NEW YORK ( TheStreet) -- Hewlett-Packard's (HPQ) says it is the victim of an accounting fraud related to its $11.1 billion Aug. 2011 acquisition of British software giant Autonomy, a poor performing unit at the heart of turnaround efforts at the world's largest personal computer maker.
In earnings released before the opening bell on Tuesday, HP also recorded a $8.8 billion fourth quarter writedown of its Autonomy unit, erasing most of the software analytics unit's value to shareholders, and casting in doubt the company's efforts to remake itself into the mold IBM (IBM).
"The majority of this impairment charge is linked to serious accounting improprieties, disclosure failures and outright misrepresentations at Autonomy Corporation plc that occurred prior to HP's acquisition of Autonomy and the associated impact of those improprieties, failures and misrepresentations on the expected future financial performance of the Autonomy business over the long-term," HP said in a statement released with earnings, that indicates $5 billion of the writedown is related to the alleged fraud.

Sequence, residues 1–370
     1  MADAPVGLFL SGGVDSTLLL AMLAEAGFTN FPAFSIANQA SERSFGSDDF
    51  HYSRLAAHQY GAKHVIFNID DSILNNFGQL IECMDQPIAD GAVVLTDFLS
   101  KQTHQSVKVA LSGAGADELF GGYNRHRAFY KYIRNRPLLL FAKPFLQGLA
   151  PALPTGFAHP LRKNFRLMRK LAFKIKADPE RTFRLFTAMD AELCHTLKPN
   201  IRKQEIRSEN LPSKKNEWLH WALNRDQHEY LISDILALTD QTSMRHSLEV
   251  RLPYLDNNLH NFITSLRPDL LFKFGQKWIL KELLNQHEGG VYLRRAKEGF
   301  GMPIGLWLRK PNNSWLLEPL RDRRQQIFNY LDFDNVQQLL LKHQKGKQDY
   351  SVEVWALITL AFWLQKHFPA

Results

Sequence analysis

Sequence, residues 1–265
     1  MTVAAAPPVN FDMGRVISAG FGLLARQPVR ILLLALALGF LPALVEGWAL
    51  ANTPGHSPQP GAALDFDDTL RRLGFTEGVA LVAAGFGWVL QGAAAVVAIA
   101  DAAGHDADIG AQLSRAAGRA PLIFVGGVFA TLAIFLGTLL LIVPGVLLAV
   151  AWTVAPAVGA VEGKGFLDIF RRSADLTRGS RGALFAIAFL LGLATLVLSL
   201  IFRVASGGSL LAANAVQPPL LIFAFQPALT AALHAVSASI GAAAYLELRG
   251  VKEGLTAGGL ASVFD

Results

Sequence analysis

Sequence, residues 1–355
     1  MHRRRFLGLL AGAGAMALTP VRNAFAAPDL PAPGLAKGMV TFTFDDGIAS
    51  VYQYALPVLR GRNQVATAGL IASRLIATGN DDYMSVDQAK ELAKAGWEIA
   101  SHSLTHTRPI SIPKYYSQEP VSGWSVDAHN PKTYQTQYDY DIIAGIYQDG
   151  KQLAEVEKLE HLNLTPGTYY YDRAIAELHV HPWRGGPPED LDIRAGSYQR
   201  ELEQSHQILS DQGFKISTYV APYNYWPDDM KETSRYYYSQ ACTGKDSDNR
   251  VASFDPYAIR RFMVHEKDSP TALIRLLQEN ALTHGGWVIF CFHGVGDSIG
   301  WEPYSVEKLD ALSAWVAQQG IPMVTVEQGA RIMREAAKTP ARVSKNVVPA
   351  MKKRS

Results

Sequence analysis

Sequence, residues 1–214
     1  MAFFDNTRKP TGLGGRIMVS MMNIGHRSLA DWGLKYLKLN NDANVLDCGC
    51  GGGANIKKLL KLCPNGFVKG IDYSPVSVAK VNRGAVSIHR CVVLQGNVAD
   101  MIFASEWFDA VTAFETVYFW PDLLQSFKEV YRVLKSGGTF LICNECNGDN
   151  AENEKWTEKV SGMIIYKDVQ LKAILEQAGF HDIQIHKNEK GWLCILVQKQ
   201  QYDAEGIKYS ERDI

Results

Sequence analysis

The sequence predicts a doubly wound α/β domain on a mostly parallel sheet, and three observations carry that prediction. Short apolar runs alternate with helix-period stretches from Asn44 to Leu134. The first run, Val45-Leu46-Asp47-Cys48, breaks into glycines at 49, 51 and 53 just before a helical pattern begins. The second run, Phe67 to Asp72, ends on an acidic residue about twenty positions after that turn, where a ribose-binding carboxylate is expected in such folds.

The Palo Alto, Calif.,-based company also said it has referred the Autonomy fraud charges to Britain's Serious Fraud Office and the U.S. Securities and Exchange Commission for civil and criminal investigation. HP also said that fraud charges relate to Autonomy's recognition of revenue and that the company opened an investigation when an Autonomy executive came forward with the fraud.The writedown and fraud charges couldn't come at a worse time. HP's fourth quarter earnings reflected weaker than expected revenue of $30 billion, and adjusted earnings per share of $1.16 came in slightly better than expected. Still, an alleged accounting fraud sent HP shares tumbling over 12% to new five-year lows below $12 a share in late afternoon trading. HP's full year 2013 EPS guidance of $3.60 - $4.00 unveiled on Tuesday was in line with previous forecasts, according to Shaw We of Sterne Agee. HP's slowing results and weak outlook match poor earnings from Dell (DELL) earlier in November and underscore why turnaround bets hinge on software businesses like Autonomy. Still, with HP now having spent its "last" mega-deal dollars on Autonomy, the acquisition is yet to propel the company into IBM (IBM) and Accenture (ACN)-like territory of data and software services, as it tries to strategically reposition. As TheStreet noted in August, HP was already bracing for the prospect of a writedown at Autonomy, after the unit's growth failed to impress and profit margins fell far below expectations. In August, HP took a $8 billion writedown related to its $13 billion-plus acquisition of business services and hardware giant EDS in 2008, and indicated billions more in M&A related charges could by year-end. Overall in 2012, HP has taken over $18 billion in writedowns, but the company still holds $35.6 billion of goodwill on its balance sheet. HP's chief executive said on an earnings call and in media interviews that she regretted completing the Autonomy transaction, and the executives involved in the fraud have left the company. She also indicated that the fraud had gone undetected to Autonomy's auditor Deloitte and to HP's advisers on the acquisition, Barclays, Perella Weinberg and KPMG.
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